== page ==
Determining Atomic Charges using the Merz-Singh-Kollman (MK) Scheme
In the Merz-Singh-Kollman (MK) scheme by U. C. Singh and P. A. Kollman (J. Comp. Chem. 1984, 5, 129 - 145), atomic charges are fitted to reproduce the molecular electrostatic potential (MEP) at a number of points around the molecule. As a first step of the fitting procedure, the MEP is calculated at a number of gridpoints located on several layers around the molecule. The layers are constructed as an overlay of van der Waals spheres around each atom. All points located inside the van der Waals volume are discarded. Best results are achieved by sampling points not too close to the van der Waals surface and the van der Waals radii are therefore modified through scaling factors. The smallest layer is obtained by scaling all radii with a factor of 1.4. The default MK scheme then adds three more layers constructed with scaling factors of 1.6, 1.8, and 2.0.
After evaluating the MEP at all valid grid points located on all four layers, atomic charges are derived that reproduce the MEP as closely as possible. The only additional constraint in the fitting procedure is that the sum of all atomic charges equals that of the overall charge of the system. An input file for calculating the MK charges for water at the Becke3LYP/6-31G(d) level of theory is:
#P Becke3LYP/6-31G(d) pop=MK scf=(direct,tight)
B3LYP/6-31G(d)//B3LYP/6-31G(d) MK charges for water (C2v structure)
0 1
O1
H2 1 r2
H3 1 r2 2 a3
r2=0.96874547
a3=103.6515355
The results of the fitting procedure appear in the regular Gaussian output file as:
(Enter /scr1/g03/l602.exe) Merz-Kollman atomic radii used. ********************************************************************** Electrostatic Properties Using The SCF Density ********************************************************************** Atomic Center 1 is at 0.000000 0.000000 0.119748 Atomic Center 2 is at 0.000000 0.761565 -0.478990 Atomic Center 3 is at 0.000000 -0.761565 -0.478990 289 points will be used for fitting atomic charges Fitting point charges to eletrostatic potential Charges from ESP fit, RMS= 0.00251 RRMS= 0.11327: Charge= 0.00000 Dipole= 0.0000 0.0000 -2.1465 Tot= 2.1465 1 1 O -0.746390 2 H 0.373195 3 H 0.373195
Charges derived in this way don't necessarily reproduce the dipole moment of the molecule. If this latter characteristic is desired, the fitting process can be performed under the additional constraint of reproducing the overall molecular dipole moment:
#P Becke3LYP/6-31G(d) pop=(MK,dipole) scf=(direct,tight)
B3LYP/6-31G(d)//B3LYP/6-31G(d) MK charges for water (C2v structure)
also fitting to dipole
0 1
O1
H2 1 r2
H3 1 r2 2 a3
r2=0.96874547
a3=103.6515355
The MK charge fitting scheme can be modified in the following way in order to change/improve its numerical accuracy:
1) Using more than four layers of points
The number of layers can be specified using the iop(6/41=N) keyword, N being the desired number of layers. The default value for N (and smallest meaningfull choice) is 4. The actual positioning of the layers depends on their overall number. The first layer is always located at 1.4 times the vdW distance. The increment of the scaling factor between subsequent layers is calculated according to the formula:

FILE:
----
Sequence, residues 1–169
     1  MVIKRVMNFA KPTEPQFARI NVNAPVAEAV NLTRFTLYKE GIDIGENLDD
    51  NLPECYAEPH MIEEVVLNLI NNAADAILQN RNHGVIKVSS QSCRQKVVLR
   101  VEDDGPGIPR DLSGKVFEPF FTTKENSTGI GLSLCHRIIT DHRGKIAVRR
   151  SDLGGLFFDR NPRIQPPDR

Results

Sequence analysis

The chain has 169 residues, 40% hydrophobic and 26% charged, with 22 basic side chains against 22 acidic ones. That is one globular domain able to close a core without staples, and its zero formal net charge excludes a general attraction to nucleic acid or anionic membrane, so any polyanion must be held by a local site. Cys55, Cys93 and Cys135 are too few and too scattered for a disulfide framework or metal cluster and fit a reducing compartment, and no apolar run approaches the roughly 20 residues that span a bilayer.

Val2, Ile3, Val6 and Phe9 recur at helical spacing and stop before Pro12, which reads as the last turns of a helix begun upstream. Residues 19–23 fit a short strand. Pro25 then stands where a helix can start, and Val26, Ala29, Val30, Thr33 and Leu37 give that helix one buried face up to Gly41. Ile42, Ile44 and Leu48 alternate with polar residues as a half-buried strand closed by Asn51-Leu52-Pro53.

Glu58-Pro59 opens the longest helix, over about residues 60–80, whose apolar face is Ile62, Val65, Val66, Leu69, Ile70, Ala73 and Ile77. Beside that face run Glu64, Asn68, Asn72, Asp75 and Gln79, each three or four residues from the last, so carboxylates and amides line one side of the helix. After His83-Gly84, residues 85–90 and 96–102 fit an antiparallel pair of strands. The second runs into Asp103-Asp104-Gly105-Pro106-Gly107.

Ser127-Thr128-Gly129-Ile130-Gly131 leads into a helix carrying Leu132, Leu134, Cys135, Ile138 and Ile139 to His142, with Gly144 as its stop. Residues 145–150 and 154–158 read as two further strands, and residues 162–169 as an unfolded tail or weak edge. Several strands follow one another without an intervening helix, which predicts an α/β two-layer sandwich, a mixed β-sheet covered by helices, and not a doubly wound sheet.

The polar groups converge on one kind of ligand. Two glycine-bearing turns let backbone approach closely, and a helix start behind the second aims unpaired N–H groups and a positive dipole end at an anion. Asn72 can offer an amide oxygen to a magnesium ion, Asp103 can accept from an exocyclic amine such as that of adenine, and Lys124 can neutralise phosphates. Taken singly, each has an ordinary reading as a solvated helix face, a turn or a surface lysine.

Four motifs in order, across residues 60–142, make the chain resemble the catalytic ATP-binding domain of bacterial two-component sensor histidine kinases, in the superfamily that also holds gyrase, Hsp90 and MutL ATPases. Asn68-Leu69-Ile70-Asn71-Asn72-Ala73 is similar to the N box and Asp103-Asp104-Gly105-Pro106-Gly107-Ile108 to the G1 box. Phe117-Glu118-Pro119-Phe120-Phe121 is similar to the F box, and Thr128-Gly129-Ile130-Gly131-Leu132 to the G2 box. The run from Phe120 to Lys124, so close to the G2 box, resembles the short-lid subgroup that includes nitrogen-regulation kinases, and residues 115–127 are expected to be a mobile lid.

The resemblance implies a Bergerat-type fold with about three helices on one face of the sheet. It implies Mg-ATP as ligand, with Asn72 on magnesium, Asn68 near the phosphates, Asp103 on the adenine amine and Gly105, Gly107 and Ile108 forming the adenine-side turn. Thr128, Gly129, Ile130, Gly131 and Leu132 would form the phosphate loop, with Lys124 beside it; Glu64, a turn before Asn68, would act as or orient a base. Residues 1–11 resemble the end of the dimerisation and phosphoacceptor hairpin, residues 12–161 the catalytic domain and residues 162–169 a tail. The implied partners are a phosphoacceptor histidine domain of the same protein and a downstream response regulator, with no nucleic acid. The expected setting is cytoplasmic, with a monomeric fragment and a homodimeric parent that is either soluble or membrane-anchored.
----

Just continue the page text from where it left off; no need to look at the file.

increment = 0.4/sqrt(nr. of layers)
Thus, if overall nine layers are used, the default increment of the scaling factor amounts to 0.133. A more flexible design of the layer structure is possible by setting the increment directly using the iop(6/43=M) keyword, M being the increment of the scaling factor in units of 0.01.
2) Using more grid points per layer
The default density of grid points per unit area equals 1. This can be increased using the iop(6/42=L) keyword, L being the number of grid points per unit area. Meaningful choices for L range from 1 to 6, but a systematic dependence of the calculated charges should not always be expected.
Details of the MK charge fitting pocedure can be dumped to the output file using the iop(6/33=1) keyword.
Charges calculated using the MK scheme show a similarly small dependence on the computational method employed and are thus considered superior to Mulliken charges. The following results calculated for water in its experimental gas phase structure (with r(O-H) = 95.72 pm and a(H-O-H) = 104.52^{o}) illustrate this point:
level of theory | MK | Mulliken |
---|---|---|
HF/STO-3G | -0.616 | -0.366 |
HF/3-21G | -0.873 | -0.728 |
HF/6-31G(d) | -0.807 | -0.866 |
HF/6-311+G(2d,2p) | -0.752 | -0.471 |
HF/cc-pVDZ | -0.746 | -0.305 |
HF/cc-pVTZ | -0.738 | -0.483 |
HF/cc-pVQZ | -0.732 | -0.526 |
Becke3LYP/cc-pVDZ | -0.694 | -0.255 |
Becke3LYP/cc-pVTZ | -0.700 | -0.432 |
Becke3LYP/cc-pVQZ | -0.695 | -0.487 |
While the Mulliken charges differ widely (between -0.255 and -0.866) with theoretical method and basis set choice, the MK charges are much less variable (between -0.616 and -0.873). Moreover, the MK charges are practically constant at either the Hartree-Fock or Becke3LYP level of theory provided that one of the correlation consistent basis sets is being used. Poor results are obtained even with the MK scheme with small basis sets such as STO-3G or 3-21G.
A detailed overview of the effects of the basis set and the Hamiltonian on the charge distribution in water can be found in: F. Martin, H. Zipse, J. Comp. Chem. 2005, 26, 97 - 105. A copy of the pdf file is available here.